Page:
Prostate problems have symptoms that are easy to identify. Many of them are caused by the obstruction of the urethra and the loss of bladder function. Symptoms vary with each individual but the most common symptoms involve changes in urination habits.
A weakened stream of urine, or interrupted stream
Having an urgency to urinate or leaking and dribbling
More frequent urination during the night
Some men who have enlarged prostates will not suffer any symptoms and others may face serious problems. Some men have enlarged prostates but do not have symptoms, while other men may have symptoms but their prostate is not too large.
A man may not know he has a problem until he stops urinating totally. This can happen if he has taken an over-the-counter decongestant drug. A side effect of sympathomimetic, the drug used in decongestants may prevent the bladder opening to relax to allow the urine to flow out.
Cold temperatures, alcohol, or long periods of inactivity can also cause retention of urine. If you are having any of these symptoms, contact your doctor to have the problem checked. In most cases, the symptoms can point to BPH or enlarged prostate, but sometimes it can mean a more serious condition that may need immediate treatment.
If symptoms are left untreated, more serious complications can be the result. The strain on the bladder and the retention of urine can cause kidney or bladder damage and urinary tract infections. It may lead to the inability to control urination, cause kidney or bladder stones and may resist treatment if not diagnosed early.
Diagnosis can be done with a routine checkup with your doctor. Part of that routine checkup will be a prostate check if you are over the age of 40. The doctor can feel the part of the prostate that is positioned next to the rectum by doing a rectal exam.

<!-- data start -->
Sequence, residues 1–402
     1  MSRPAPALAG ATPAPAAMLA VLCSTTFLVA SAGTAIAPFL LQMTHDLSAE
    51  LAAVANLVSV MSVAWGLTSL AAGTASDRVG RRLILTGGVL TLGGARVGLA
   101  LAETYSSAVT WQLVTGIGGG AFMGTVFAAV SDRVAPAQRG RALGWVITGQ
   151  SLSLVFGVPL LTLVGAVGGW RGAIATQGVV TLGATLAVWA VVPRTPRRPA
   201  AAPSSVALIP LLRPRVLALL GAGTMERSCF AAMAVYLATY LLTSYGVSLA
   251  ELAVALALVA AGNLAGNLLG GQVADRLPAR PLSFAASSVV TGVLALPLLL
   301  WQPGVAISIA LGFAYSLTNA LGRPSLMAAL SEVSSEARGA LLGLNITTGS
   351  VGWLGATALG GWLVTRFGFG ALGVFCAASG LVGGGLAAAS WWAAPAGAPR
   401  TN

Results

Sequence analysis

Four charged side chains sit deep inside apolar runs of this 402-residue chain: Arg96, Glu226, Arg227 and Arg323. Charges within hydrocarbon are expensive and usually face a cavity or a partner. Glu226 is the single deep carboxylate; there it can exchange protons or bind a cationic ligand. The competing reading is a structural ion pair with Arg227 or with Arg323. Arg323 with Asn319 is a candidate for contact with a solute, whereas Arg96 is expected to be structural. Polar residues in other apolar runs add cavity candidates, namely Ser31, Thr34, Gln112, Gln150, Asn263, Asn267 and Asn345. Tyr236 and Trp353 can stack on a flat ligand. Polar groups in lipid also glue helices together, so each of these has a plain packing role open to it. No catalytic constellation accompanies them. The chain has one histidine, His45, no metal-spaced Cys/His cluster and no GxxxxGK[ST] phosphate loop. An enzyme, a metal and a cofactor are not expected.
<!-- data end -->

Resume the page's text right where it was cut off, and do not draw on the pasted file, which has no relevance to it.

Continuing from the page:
If the doctor suspects you have a problem with your prostate, you may get a referral to an urologist because they specialize in urinary tract problems. Several tests can be conducted to find any prostate problems.
Besides the digital rectal exam the doctor may perform a blood test that will show if there is a high number of PSA, a protein made by the prostate gland. If high levels are found it may signal prostate cancer.
A PSA test may be given to men who have successfully been treated for prostate cancer. There is a problem with using only a PSA test to discover prostate cancer. High levels of PSA in the blood could signal other benign prostate conditions.
Other tests to check for prostate cancer are a rectal ultrasound. A probe inserted into the rectum sends sound waves at the prostate gland and then displays the prostate on a screen. If the prostate looks unusual a needle biopsy can be done during the ultrasound.
The needle picks up a few pieces of the prostate gland and the doctor can exam them under a microscope. Your doctor will help you decide which tests you may need if you are having prostate problems.